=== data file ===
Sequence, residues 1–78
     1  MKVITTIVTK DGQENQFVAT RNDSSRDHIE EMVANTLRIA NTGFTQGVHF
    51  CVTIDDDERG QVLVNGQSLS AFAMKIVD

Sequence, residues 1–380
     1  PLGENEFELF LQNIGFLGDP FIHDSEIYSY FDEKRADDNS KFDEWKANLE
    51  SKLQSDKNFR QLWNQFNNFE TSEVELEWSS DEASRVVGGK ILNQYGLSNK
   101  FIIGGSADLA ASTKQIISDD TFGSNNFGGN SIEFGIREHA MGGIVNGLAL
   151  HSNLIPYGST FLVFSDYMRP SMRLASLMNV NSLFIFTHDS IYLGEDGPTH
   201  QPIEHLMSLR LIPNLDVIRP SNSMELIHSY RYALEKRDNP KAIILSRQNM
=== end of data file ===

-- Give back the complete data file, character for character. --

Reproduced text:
Sequence, residues 1–78
     1  MKVITTIVTK DGQENQFVAT RNDSSRDHIE EMVANTLRIA NTGFTQGVHF
    51  CVTIDDDERG QVLVNGQSLS AFAMKIVD

Sequence, residues 1–380
     1  PLGENEFELF LQNIGFLGDP FIHDSEIYSY FDEKRADDNS KFDEWKANLE
    51  SKLQSDKNFR QLWNQFNNFE TSEVELEWSS DEASRVVGGK ILNQYGLSNK
   101  FIIGGSADLA ASTKQIISDD TFGSNNFGGN SIEFGIREHA MGGIVNGLAL
   151  HSNLIPYGST FLVFSDYMRP SMRLASLMNV NSLFIFTHDS IYLGEDGPTH
   201  QPIEHLMSLR LIPNLDVIRP SNSMELIHSY RYALEKRDNP KAIILSRQNM